For as long as sports have been around, athletes have sought every competitive advantage available, both legitimate and fraudulent. Today, professional athletes are given a list of prohibited substances, which is overseen by the World Anti-Doping Association (WADA).
While it is widely known that performance-enhancing drugs are prohibited due to the unfair advantages they create in competition, there have been numerous loopholes around this restriction. An athlete’s ticket to using a banned substance without a penalty: the Therapeutic Use Exemption.
The 2016 Rio de Janeiro Olympics thrust the topic of Therapeutic Use Exemptions into the global spotlight. A TUE is an agreement between an athlete and the WADA that allows the athlete to use a prohibited substance solely for the purpose of treating a legitimate medical condition. TUEs can be granted for anything ranging from Attention Deficit Hyperactivity Disorder (ADHD) to asthma. The debate around TUEs has largely been about whether or not they are being abused by athletes.
Knowing that top athletes use drugs that help them perform better has always left many with a visceral feeling. It continues to be ubiquitous in athletics despite the existing regulations. According to several scientific publications, what often compels an athlete to consume performance-enhancing drugs is the infinitesimally low chances of getting caught. If the athlete evades getting caught, they often reap incredible benefits, such as large sums of money through breaking records, gaining sponsors and getting better contracts.
According to Michael Shermer’s article “The Doping Dilemma,” approximately 50 to 80 percent of baseball and track athletes consume performance-enhancing drugs. Now, with a legal method to attain performance enhancing-drugs, an athlete is given even more incentive to cheat and abuse a broken system. The widely-discussed issue has highlighted that, provided high enough stakes, any immoral athlete may abuse the flawed TUE system.
An athlete’s use of TUEs is considered confidential, being part of their private medical records. However, following the 2016 Rio Olympics, a group of Russian hackers, dubbed “Fancy Bears,” began leaking an abundance of medical records.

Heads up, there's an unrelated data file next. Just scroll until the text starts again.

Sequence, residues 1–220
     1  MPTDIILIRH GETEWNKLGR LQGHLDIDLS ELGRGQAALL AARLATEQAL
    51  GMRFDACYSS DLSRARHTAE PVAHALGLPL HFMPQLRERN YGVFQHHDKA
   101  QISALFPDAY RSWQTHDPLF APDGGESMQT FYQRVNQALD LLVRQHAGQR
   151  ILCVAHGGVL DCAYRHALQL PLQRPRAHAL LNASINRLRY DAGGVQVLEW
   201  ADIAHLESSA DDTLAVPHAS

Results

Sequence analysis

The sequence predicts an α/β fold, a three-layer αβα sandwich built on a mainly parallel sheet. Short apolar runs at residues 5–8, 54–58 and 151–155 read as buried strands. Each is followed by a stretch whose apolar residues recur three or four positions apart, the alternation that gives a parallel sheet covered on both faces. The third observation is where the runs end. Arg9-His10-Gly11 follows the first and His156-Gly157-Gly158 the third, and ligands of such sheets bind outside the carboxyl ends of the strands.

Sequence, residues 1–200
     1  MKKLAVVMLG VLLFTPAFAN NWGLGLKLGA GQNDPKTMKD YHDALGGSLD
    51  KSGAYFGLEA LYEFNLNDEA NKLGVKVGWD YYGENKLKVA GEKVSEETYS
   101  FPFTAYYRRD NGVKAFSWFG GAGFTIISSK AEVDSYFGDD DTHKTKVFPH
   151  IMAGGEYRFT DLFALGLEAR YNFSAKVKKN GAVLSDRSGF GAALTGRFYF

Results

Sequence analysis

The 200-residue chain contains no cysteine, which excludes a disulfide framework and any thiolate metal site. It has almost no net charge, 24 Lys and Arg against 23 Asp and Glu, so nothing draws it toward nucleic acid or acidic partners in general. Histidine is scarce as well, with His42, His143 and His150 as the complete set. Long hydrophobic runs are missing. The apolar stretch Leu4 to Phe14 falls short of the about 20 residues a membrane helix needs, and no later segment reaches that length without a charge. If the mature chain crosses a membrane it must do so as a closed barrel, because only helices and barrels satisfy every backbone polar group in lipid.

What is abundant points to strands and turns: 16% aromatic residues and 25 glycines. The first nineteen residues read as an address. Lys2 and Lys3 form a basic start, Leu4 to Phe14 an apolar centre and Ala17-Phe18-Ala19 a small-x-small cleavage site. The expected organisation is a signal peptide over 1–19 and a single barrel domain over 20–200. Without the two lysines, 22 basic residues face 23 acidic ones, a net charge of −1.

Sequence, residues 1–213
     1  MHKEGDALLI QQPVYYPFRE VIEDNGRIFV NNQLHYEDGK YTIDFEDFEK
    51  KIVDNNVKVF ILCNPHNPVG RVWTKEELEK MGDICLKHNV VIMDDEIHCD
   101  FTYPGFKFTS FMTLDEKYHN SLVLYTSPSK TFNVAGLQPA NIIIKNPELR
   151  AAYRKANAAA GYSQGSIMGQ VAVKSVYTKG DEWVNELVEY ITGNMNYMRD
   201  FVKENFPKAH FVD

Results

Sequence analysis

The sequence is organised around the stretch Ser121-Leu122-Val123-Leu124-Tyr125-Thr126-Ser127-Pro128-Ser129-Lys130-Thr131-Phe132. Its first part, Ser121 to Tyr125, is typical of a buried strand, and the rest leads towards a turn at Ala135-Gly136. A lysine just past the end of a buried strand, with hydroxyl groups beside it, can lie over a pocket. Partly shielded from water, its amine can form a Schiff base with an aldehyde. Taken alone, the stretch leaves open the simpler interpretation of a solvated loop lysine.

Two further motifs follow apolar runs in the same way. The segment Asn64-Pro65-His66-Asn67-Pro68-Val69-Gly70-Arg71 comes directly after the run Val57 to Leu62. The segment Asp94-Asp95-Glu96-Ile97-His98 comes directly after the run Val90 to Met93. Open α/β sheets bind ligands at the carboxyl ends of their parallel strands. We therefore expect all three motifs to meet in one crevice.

The records, which were leaked in retaliation for the International Olympics Committee banning the Russian track and field team for alleged cheating, detailed the many Olympians who had obtained TUEs accompanied by the substances that they had been consuming and the specific dosages.
The list included renowned athletes, such as Spanish tennis player Rafael Nadal and American soccer player Alex Morgan. Fancy Bears wrote on its website that a TUE is an athlete’s license to dope.
Nonetheless, the plethora of leaked records show no illegal infractions.
“The use of TUEs is not a doping offense,” said Nicole Sapstead, UK Anti-Doping Chief Executive, in an interview with BBC news. “And all these athletes have legitimately applied for, and have been granted, medical support within the anti-doping rules.”
While there is no hard evidence indicating wrongdoings, the system is open to abuse by the unprincipled competitor. This begs a much larger question: how often are TUEs being abused, if at all?
“Some of the medical conditions used to justify a TUE can be difficult to validate; and as I discovered, an unscrupulous rider and doctor could exaggerate or simply make up symptoms that would merit a prescription and exemption.”
Former Professional Cyclist
The majority of TUEs listed among the leaked records were stimulants generally prescribed to people with ADHD. However, stimulants also increase awareness and endurance. Another commonly prescribed drug was glucocorticosteroids, which allows athletes to perform with greater endurance.